Rome - Apple has agreed to pay Italian authorities 318 million euros S$490 million) to settle a tax dispute after the US tech giant was accused of dodging payments, the tax office said Tuesday.
The company's Italian subsidiary has been under investigation for allegedly failing to declare more than one billion euros ($1.3 billion) to the tax authorities, according to Italian daily La Repubblica.
The tax office spokesman confirmed the newspaper's report was accurate but would not divulge further details of the confidential case.
Apple Italia did not respond immediately to a request for comment.
According to La Repubblica, the payment followed months of negotiations and corresponded to the full amount demanded by the Italian authorities in relation to the 2008-13 tax years.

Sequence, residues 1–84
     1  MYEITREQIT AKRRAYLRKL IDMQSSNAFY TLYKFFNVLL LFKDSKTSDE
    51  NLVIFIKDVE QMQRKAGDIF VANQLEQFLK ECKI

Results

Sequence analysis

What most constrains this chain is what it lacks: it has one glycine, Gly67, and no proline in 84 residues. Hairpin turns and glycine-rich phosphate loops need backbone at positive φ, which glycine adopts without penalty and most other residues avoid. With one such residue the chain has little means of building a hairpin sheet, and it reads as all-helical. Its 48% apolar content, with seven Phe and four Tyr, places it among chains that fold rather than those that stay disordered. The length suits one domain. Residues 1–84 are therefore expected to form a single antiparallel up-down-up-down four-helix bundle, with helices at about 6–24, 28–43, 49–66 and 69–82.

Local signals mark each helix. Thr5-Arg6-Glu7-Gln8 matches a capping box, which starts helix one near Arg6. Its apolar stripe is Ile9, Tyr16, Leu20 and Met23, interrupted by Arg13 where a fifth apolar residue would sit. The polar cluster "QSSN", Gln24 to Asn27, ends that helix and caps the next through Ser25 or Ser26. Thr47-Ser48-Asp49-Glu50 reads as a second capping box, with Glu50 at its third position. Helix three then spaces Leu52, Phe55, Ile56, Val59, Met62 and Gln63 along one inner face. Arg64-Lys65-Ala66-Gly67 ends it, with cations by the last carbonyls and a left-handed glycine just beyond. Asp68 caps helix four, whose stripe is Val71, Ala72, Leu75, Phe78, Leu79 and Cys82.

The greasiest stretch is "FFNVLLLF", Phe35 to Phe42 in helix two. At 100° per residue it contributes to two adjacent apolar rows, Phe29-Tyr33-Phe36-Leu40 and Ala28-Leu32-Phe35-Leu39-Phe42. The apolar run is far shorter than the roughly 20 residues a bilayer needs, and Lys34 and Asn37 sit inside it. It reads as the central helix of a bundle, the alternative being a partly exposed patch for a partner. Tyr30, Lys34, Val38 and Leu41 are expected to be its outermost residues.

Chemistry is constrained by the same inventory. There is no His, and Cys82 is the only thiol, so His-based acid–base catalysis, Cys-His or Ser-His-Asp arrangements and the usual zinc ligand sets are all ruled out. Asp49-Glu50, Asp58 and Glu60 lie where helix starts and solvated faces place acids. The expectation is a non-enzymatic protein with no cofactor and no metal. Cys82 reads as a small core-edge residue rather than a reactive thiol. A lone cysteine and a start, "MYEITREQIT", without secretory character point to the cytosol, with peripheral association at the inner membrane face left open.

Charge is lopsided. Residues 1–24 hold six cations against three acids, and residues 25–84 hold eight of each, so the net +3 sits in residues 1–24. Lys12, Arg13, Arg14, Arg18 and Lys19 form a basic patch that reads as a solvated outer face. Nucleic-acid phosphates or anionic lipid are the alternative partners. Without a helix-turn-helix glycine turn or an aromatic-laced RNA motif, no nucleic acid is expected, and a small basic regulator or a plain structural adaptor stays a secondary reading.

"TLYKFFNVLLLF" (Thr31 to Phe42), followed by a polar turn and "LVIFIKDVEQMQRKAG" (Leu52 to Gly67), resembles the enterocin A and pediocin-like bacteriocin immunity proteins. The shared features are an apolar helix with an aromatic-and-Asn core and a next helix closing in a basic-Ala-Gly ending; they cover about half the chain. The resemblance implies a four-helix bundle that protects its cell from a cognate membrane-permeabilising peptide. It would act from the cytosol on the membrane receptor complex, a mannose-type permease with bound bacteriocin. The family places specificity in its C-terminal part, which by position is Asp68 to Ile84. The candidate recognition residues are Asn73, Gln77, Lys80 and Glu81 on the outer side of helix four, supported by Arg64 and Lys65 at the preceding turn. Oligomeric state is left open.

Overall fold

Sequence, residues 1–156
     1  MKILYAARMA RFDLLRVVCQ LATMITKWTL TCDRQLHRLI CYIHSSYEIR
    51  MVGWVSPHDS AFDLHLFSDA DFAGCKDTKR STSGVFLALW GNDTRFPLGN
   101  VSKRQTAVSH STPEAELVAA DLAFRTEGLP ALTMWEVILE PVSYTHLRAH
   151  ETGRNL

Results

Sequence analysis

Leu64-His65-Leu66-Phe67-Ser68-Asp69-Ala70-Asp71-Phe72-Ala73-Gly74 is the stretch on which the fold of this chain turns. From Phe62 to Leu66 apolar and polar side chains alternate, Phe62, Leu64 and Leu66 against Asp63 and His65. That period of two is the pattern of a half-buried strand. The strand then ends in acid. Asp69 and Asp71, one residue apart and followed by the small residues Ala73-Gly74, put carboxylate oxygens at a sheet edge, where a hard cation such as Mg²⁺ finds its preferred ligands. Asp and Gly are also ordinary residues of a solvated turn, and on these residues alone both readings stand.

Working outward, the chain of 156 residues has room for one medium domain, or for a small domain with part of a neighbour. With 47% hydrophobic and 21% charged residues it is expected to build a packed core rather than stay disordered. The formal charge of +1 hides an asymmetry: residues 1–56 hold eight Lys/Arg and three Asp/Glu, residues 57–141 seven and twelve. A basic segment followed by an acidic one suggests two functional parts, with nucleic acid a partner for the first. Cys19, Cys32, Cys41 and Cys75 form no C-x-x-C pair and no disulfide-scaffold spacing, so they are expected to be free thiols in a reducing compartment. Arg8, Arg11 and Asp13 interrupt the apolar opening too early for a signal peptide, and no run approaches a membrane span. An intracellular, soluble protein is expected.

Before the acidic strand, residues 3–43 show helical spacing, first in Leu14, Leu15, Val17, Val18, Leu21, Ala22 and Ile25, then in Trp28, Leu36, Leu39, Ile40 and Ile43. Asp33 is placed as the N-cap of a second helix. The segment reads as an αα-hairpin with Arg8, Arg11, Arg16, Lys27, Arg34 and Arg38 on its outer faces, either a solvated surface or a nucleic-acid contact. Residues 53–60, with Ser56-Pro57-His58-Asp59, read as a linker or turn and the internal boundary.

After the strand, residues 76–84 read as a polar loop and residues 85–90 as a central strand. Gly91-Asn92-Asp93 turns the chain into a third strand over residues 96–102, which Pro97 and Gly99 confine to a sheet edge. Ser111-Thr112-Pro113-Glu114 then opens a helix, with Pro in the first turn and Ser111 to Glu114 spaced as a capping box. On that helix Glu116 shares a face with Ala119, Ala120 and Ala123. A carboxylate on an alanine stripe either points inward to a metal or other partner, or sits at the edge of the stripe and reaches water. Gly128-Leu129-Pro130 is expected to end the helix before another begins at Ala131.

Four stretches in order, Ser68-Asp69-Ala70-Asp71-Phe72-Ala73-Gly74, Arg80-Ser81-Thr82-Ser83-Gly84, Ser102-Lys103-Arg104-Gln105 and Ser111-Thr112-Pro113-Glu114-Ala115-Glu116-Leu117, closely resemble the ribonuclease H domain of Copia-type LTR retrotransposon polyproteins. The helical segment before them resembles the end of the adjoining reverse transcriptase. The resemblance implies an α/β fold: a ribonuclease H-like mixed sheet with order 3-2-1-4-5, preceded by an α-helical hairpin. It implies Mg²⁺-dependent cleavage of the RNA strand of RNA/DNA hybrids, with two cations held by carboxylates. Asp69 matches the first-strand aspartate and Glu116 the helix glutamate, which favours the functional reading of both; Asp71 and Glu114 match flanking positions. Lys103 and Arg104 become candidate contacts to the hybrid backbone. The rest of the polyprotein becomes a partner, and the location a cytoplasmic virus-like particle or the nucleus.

It comes against a backdrop of mounting controversy over the tax arrangements of multinational groups who use cross-border corporate structures to reduce their tax bills.
Apple Italia is part of the company's European operation which is headquartered in Ireland, a country with one of the lowest levels of corporation tax in the European Union.
Earlier this month, Apple chief Tim Cook described accusations that the world's richest company was sidestepping US taxes by stashing cash overseas as "political crap" and insisted: "We pay ever tax dollar we owe."